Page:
– overemphasizing the failure of the other parent (for example, one parent is late for the child to train, and the other parent says that he “forgot him, left him on the road like a dog” and the like, takes the child to the competent service and reports neglect);
– excessive intrusion into the relationship between the child and the other parent (for example, calling the child on a mobile phone and sending messages most of the time while the child is with the other parent, imposing their own rules of conduct while the child is with the other parent, constant questioning about how to spend time eats, the clothes he wears, etc.);
– obstructing contacts between the child and the other parent (banning contacts or creating an excuse not to hold contacts such as training, check-ups, birthday parties, colds, learning to test just in time for socializing with the other parent);
– showing unpleasant emotions when a child has a relationship with another parent (for example showing sadness, anger, fear, concern, either by words or behavior, in some cases ignoring the child, complete emotional cooling);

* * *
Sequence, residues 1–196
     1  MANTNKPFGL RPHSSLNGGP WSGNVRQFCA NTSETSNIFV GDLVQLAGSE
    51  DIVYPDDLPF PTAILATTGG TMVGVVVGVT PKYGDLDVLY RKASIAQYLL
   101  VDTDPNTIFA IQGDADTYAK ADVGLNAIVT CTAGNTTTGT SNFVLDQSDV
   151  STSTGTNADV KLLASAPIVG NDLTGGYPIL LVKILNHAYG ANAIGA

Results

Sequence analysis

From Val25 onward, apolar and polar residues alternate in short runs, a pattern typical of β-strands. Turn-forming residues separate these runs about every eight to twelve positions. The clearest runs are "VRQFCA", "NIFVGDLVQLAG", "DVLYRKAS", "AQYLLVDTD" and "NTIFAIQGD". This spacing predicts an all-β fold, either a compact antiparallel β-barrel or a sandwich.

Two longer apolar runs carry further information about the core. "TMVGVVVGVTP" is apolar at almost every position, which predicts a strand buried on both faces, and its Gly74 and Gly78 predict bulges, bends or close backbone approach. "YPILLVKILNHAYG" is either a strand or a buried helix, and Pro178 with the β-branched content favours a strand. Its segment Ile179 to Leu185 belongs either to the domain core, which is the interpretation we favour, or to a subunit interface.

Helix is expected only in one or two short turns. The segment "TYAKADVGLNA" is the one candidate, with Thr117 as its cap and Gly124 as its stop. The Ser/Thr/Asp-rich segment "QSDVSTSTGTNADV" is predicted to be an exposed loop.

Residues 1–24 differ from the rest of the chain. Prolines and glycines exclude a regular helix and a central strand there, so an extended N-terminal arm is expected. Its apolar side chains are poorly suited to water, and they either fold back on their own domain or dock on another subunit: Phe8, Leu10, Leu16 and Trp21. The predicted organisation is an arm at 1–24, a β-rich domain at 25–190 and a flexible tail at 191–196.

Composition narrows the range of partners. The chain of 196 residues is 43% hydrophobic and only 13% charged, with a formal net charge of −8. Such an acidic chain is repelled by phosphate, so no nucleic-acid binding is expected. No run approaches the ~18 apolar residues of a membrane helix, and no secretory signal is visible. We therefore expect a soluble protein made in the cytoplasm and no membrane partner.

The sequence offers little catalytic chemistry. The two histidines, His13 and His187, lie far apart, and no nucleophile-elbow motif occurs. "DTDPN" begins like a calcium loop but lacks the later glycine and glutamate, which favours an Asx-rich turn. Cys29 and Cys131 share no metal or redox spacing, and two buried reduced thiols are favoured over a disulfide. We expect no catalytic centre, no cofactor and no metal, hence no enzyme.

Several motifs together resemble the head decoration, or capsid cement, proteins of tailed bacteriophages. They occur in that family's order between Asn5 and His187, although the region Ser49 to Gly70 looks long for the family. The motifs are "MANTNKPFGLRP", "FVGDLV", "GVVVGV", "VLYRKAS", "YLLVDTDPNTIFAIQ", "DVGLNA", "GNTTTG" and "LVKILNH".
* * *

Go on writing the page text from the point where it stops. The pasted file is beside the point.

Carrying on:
– sending double messages to the child (for example, encouraging the child to meet the other parent, while crying or telling the child to “go free, I guess I will not die of worry” / “feel free to go, nothing terrible will happen to you”);
– negative comment of the other parent to the child (for example that the other parent is a bad person);
– false accusations of abuse (for example, encouraging a child to say that the other parent beat him, touched his intimate parts of the body, etc., when this is not true);
– passively allowing other family members or friends to alienate the child (for example, the parent does not alienate independently but allows his or her parents to commit the above behaviors);
– sharing inappropriate information with the child (for example about court proceedings, marital relations, violence that the child has not witnessed);
– reversal of child-parent roles (for example, asking a child to take care of a parent’s feelings, verbally or non-verbally);